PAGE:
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  1. A photographer went to Chernobyl and started turning lights on. The results are haunting | indy
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  3. Chernobyl: How bad was it?

By the end of the summer of , Moscow hospitals alone had treated about 15, people exposed to Chernobyl radiation. The Soviet republics of Ukraine and Belarus combined to treat about 40, patients in hospitals due to radiation exposure in the same period of time; in Belarus, about half were children.

About 31, soldiers camped out near the reactor, where radioactivity reached about 1, times the normal levels within a week, and contaminated the drinking water.

Which leads to the question: How bad was Chernobyl? A United Nations report contends Chernobyl caused 54 deaths. As a historian of science who has written extensively about both the Soviet Union and nuclear technology, she decided to explore the issue at length. Norton and Co. In it, Brown brings new research to bear on the issue: She is the first historian to examine certain regional archives where the medical response to Chernobyl was most extensively chronicled, and has found reports and documents casting new light on the story.

Brown does not pinpoint a death-toll number herself. Instead, through her archival research and on-the-ground reporting, she examines the full range of ways radiation has affected residents throughout the region, while explaining how Soviet politics helped limit our knowledge of the incident.

To see how the effects of Chernobyl could be much more widespread than previously acknowledged, consider a pattern Brown observed from her archival work: Scientists and officials at the local and regional levels examined the effects of Chernobyl on people quite extensively, even performing controlled studies and other robust techniques, but other Soviet officials minimized the evidence of major health consequences.

This is the same designation applied to emergency personnel working at the Chernobyl site itself. Why were the wool workers so exposed to radiation? As Brown found after investigating the Chernihiv wool factory itself, Soviet authorities had workers kill livestock from the Zone of Alienation — and then send their useable parts for processing.

The wool factory workers had become sick because they were dealing with wool from highly contaminated sheep. Such scenarios may have been significantly overlooked in some Chernobyl assessments. In Belarus, one-third of milk and one-fifth of meat was too contaminated to use in , according to the official in charge of food production in the state, and levels became worse the following year. They have found, among other things, the decimation of parts of the ecosystem, including dramatically fewer pollinators such as bees in higher-radiation places, and thus radically reduced numbers of fruit trees and shrubs.

Brown also directly addresses scientific disagreements over such findings, while noting that some of the most negative conclusions about the regional ecosystems have stemmed from extensive on-the-ground investigations of it. The Ukrainian state pays benefits to about 35, people whose spouses apparently died from Chernobyl-caused illnesses. All Languages. More filters. Sort order. Jacqui Hart rated it it was amazing Jul 18, Devon Marie rated it it was amazing Dec 03, Kelly Sue marked it as to-read Dec 28, Alok Sarma marked it as to-read Oct 26, Erin marked it as to-read Apr 18, Steph Garrod marked it as to-read Jul 12, John O'connell added it Aug 06, Karen Carr marked it as to-read Aug 12, Lisa marked it as to-read Sep 22, There are no discussion topics on this book yet.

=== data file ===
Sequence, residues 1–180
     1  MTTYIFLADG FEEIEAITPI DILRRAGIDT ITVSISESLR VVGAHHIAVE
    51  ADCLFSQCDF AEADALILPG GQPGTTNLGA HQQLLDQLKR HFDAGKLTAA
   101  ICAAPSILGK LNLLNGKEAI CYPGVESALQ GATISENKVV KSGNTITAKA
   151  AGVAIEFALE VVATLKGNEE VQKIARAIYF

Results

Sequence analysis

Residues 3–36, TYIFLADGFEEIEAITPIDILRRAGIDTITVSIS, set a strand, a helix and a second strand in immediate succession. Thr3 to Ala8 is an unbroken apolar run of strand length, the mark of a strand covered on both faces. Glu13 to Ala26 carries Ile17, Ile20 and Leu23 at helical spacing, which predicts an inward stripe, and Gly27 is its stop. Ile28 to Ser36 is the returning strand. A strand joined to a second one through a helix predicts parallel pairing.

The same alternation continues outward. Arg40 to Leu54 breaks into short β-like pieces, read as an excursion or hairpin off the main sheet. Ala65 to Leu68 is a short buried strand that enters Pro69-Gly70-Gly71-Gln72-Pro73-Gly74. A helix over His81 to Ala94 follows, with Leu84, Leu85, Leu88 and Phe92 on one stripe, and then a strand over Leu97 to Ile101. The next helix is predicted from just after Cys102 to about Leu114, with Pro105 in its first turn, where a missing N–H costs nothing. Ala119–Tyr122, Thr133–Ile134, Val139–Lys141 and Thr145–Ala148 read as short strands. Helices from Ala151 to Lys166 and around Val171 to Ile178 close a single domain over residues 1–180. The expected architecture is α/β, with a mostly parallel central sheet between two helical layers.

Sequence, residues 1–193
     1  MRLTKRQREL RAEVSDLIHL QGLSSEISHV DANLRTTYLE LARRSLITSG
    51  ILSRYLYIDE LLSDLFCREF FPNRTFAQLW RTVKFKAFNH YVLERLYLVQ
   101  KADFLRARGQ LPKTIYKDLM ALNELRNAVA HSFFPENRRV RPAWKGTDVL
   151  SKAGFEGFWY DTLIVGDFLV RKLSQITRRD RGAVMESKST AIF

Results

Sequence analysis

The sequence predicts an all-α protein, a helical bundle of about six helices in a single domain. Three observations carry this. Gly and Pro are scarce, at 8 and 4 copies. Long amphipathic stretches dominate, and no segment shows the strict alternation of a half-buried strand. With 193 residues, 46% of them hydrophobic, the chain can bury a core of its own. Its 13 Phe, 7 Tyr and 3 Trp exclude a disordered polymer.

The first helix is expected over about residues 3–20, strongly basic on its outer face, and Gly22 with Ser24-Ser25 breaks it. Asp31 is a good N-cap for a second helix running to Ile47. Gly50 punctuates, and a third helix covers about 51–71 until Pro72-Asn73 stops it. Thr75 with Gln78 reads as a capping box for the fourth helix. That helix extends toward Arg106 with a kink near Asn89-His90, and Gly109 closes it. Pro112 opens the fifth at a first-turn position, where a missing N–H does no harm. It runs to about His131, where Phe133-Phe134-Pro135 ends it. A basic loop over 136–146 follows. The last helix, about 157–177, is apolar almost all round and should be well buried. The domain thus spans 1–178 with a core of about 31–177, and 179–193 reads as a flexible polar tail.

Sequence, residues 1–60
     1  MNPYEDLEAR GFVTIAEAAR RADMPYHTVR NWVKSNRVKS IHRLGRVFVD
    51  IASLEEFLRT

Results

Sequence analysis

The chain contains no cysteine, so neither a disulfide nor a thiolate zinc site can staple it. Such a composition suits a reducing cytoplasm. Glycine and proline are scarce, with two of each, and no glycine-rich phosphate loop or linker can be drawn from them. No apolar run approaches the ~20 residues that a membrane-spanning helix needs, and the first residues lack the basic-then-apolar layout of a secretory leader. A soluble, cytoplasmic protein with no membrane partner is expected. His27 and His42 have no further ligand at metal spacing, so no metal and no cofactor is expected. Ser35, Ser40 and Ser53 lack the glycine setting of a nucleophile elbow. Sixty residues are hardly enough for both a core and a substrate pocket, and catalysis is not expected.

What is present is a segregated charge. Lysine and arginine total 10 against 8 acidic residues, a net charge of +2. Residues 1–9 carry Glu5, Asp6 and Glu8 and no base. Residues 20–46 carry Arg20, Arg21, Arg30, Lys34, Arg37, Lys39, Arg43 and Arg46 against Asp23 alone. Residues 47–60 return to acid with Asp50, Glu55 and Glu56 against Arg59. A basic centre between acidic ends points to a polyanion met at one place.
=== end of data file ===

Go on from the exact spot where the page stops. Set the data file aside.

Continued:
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A photographer went to Chernobyl and started turning lights on. The results are haunting | indy

A soldier holds a Geiger counter to a manhole. It reads I am told to stay on the authorised paths. The art installation is taking place in the centre square of Pripyat, a Pompeii-like town that was once home to around 50, people. There was a sense of deception and betrayal, and it remains to this day. Up to that point, residents had blithely carried on with their lives, unaware of the lethal miasma falling from the sky. Kids played football, or sat for their lessons in school.

Families ate dinner and watched TV. A couple got married.

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At the centre of Pripyat stands a carnival that had been due to open to the public four days after the explosion. As the light drops, we come upon the ferris wheel, lit from below. Then frozen bumper cars, with deer etched on to the concrete walls of the ride, and then a carousel. The military sway their hips to the beat. We dance in the cold, while watching lights bounce off the living rooms and kitchens of the huge Soviet blocks that surround us. On the drive home, a Russian friend who has spotted a photo of the Sarcophagus on my Instagram feed messages me. Facebook Twitter Pinterest.

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Chernobyl: How bad was it?

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